Virtuous cycles are anomalies. They fight the universal law of entropy, and for that reason alone, they are worth investigation. Rather than a gradual slide toward dissipation and equilibrium, virtuous cycles build upon themselves, yielding self-sustaining returns cycle after cycle.
In marketing, there are not a lot of virtuous cycles. Most marketing efforts need to be constantly fueled by a steady stream of dollars. The minute the budget tap is closed, so is the marketing program. But there are a few, and SEO is one of them, if done correctly. Let’s take a quick look at the elements required to build a truly virtuous cycle.
The Power of Positive Feedback
Positive feedback is the engine of a virtuous cycle. It’s what drives sustainable growth. Think of it as the compound interest paid on your marketing efforts.
In an SEO program, positive feedback comes in the form of the algorithmic love shown to you by the search engines, dragging in an ever-increasing number of eyeballs. These eyeballs also contribute to the feedback loop, creating new links, new user-generated content, new activity, all of which continue to drive rankings, up, which drives new eyeballs, which… well, you get the idea. And the cycle continues.
Virtuous cycles require an upfront investment, and it’s usually a significant one. You can’t collect compound interest on a zero balance. Cycles don’t start from scratch.
In SEO, the investments required come in the form of content and an engaging user experience. You have to give a user a reason to come, to engage and to evangelize to really leverage the benefits of SEO. You can evaluate if you have the makings of a virtuous cycle by asking yourself the following questions:
- What are my users coming for?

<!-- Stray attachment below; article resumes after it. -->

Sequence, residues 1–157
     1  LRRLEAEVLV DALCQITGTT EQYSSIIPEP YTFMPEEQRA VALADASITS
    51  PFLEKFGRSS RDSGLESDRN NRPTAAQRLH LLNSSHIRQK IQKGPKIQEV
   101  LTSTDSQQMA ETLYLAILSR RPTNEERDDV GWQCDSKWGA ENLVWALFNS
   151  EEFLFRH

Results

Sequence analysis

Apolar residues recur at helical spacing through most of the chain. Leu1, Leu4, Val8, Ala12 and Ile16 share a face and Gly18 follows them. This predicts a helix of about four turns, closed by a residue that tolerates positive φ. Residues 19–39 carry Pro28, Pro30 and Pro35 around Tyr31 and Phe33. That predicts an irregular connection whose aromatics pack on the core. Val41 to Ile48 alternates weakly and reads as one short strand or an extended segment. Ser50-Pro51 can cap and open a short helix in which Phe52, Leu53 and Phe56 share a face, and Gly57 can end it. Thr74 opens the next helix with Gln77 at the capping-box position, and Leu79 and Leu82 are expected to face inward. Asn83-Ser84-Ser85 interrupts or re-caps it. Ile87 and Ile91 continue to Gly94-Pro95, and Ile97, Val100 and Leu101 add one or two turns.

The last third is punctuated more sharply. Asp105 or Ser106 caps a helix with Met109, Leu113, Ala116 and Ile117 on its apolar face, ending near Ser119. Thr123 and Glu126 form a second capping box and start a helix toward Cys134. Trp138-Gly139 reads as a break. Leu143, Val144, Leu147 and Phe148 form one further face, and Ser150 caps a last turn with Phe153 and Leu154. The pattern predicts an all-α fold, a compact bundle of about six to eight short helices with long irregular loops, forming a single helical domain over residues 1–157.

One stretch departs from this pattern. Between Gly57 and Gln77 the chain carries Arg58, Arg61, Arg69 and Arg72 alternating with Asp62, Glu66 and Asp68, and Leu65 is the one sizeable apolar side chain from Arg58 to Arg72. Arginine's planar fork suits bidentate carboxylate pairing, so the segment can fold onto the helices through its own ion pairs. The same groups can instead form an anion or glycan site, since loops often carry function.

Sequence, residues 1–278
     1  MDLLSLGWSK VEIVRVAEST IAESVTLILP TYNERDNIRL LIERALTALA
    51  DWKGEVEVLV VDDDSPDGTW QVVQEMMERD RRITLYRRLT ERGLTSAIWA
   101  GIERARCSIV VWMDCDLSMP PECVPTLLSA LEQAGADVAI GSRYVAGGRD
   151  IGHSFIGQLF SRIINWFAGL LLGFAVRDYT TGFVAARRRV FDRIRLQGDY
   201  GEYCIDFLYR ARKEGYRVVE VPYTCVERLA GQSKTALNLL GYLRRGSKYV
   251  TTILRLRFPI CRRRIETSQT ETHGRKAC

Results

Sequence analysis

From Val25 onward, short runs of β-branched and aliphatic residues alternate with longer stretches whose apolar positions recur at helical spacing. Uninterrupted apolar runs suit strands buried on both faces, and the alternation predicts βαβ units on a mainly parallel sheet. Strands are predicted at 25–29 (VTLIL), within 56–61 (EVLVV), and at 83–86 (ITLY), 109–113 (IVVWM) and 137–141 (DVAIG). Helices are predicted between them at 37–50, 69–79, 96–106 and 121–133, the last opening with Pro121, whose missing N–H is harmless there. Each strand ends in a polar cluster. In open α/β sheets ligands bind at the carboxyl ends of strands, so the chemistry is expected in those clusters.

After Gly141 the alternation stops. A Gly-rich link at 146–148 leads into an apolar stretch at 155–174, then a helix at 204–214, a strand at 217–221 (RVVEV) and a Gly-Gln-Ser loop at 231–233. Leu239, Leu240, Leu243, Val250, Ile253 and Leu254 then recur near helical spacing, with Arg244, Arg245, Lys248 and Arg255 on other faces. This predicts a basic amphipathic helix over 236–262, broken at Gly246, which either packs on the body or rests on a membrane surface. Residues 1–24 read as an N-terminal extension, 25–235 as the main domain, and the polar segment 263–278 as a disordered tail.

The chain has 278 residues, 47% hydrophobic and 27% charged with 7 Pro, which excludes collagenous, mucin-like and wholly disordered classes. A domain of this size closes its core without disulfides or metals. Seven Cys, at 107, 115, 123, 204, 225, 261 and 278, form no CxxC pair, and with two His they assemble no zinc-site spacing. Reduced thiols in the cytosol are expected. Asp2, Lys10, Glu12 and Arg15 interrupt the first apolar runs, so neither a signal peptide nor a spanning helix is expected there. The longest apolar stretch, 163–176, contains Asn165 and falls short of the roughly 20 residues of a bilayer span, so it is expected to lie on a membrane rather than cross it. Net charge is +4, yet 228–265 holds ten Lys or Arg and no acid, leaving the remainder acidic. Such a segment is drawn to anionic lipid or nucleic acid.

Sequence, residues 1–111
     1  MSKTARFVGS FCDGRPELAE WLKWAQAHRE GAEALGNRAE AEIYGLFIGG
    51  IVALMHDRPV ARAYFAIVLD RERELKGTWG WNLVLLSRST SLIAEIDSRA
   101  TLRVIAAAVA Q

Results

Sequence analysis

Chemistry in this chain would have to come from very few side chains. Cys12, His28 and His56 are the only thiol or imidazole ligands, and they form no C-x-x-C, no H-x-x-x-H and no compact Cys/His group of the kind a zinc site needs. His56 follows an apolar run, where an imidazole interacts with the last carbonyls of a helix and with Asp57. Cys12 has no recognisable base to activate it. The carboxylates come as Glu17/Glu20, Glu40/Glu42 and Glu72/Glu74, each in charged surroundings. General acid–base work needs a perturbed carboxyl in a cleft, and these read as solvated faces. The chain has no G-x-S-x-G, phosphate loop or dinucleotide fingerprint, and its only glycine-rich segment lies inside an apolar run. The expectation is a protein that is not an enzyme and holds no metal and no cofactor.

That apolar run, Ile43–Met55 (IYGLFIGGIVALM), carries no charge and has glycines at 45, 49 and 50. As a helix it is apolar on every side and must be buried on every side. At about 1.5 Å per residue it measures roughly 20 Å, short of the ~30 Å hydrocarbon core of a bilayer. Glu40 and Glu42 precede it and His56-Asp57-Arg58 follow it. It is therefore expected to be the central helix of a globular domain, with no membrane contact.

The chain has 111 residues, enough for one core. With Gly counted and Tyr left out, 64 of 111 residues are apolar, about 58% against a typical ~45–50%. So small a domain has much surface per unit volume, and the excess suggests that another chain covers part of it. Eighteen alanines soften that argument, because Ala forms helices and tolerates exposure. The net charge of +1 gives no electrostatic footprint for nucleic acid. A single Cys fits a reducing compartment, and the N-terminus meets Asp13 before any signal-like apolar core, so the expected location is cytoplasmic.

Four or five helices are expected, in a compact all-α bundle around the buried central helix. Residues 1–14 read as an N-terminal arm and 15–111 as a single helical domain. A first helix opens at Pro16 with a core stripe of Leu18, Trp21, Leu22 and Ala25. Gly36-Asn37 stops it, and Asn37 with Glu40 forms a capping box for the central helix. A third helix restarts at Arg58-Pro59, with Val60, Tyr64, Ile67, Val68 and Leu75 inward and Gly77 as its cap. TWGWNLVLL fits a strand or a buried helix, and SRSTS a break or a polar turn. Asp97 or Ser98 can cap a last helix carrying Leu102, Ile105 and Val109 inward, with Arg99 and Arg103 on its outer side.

- What will they do?
- How can they engage?
- Why will they care?
- Will their expectations be exceeded?
If you have a less than satisfactory answer to any of these questions, you don’t have what it takes to create a virtuous cycle.
Appealing to Human Nature
If your cycle depends on human behavior, as most do, you have to appeal to one of the basic tenets of human nature. As complicated as we can be, we are generally driven by a surprisingly small number of basic needs. Harvard professors Nitin Nohria and Paul Lawrence, in their book “Driven,” identified four fundamental human drives: We need to acquire, to learn, to bond and to defend. Examine any virtuous cycle, and you’ll always find at least one of these drives at the heart of it.
Ask yourself how your online presence contributes to these drives. Remember, for a cycle to begin, positive feedback is required. And positive feedback depends on engagement from your visitors.
Finally, a virtuous cycle needs to benefit all parties in order for it to be sustainable. It needs to be a win/win/win. If, somewhere along the line, someone gets screwed, the cycle will ultimately fall apart.
In SEO, this means you must play along with the algorithm rather than try to beat it. Short-term thinking and virtuous cycles never go well together. One algorithmic update to crack down on a SEO loophole will shut down your cycle in a heartbeat. But if you work with a search engine to make a great user experience discoverable, the cycle will begin.
Gord - I do like this line of thought. Only I wonder - is this, perhaps, a case of the rich getting richer? Once a site becomes popular, it is shared, and thus becomes more popular. More people comment - creating a body of user-generated-content, which in turn, attracts the search engines even more.